Andalucia Steve the dream

The preciousness of sci-fi

I always hated Star Wars and here's why...

Toulouse Game Show - 501th legion Starwars - 2011-11-26- P1290162OK I'm going to upset a lot of people here, some of whom are friends who I really respect, but I HATE STAR WARS! There - I've said it!.

I spent most of the late sixties and early seventies reading PROPER science fiction, everything from Wells to Asimov. What distinguished those authors was that they were prescient, they looking into the future to warn us of forcoming problems. Even the first generation of Star Trek did a great job asking questions about what would happen to 'race' in the future or how the earth would go about the diplomatic issues of dealing with aliens.

Star Wars did none of this. There was no new science and no concept of the nature of the issues our 'afterbares' may have to deal with. Star Wars was just good guys versus bad guys, or as someone said, cowboys and indians in space.

So much was the publicity before Star Wars was released, that I formed much of this opinion before the movie even opened, and as such declined to part with a penny to go and see it or even even rent it on video. It was many years later before the film finally appeared on TV one christmas that I got a 'free' viewing. Perhaps because I had preconceptions but I found it as boring as watching the proverbial paint drying.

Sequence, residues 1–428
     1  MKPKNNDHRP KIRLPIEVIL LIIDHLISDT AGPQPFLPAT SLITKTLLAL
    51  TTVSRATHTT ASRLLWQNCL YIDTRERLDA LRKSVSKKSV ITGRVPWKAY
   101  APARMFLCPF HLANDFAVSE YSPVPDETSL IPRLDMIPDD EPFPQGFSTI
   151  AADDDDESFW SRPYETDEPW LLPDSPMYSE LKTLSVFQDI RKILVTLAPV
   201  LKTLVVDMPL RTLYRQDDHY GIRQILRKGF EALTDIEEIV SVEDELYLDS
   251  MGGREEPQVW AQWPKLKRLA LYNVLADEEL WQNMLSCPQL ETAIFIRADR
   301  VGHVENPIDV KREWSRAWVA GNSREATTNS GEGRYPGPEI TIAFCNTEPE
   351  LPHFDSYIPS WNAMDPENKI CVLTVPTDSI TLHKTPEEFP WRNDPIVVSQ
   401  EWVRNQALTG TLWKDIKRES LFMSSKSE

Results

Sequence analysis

To this day I've not parted a penny watching any of the franchise, and I think perhaps franchise is the key to why. Looking back on it, Star Trek the original series was an important, seminal influence on me when I was growing up. Despite the cheesey sets and costumes, the message of the stories was always noble, constructive and kind - the science always asked questions, and you only have to google the science of star trek to determine how influencial Gene Rodenberry's notions were. But what happened to Star Trek later on is that it turned into a franchise, someone turned a wheel and out rolled films, spin-offs etc all of which had the look and feel of the original but not the spark of creativity. What we saw in American film and TV through the 70's and 80's is a devotion to the formula. Anything other than reproducing past success became a risk for the studios hence Rocky 24 etc, so the creativity was slowly ironed out of Sci-Fi as it was everything else.

In this environment , in order to get made Star Wars had to dumb down and stick to traditional Hollywood naratives and as such became very bland from the Sci-Fi point of view. I've nearly come to blows to people before about the relevance of Star Wars to Sci-Fi but I usually win the argument by asking what novel concept appeared in Star Wars that had not been seen before. I usually get a stream of well, robots, light sabres and hover bikes, but come on, we'ed seen it all before.


I had to amend this page on 9 Jan 2015 because the original Wiki Commons picture of the Star Wars characters had been removed for copyright reason. I hate intellectual property and the way it is used as a hammer by big studios to quash an grassroots creativity (such as the crowd-funded Stark Trek movie 'Axanar'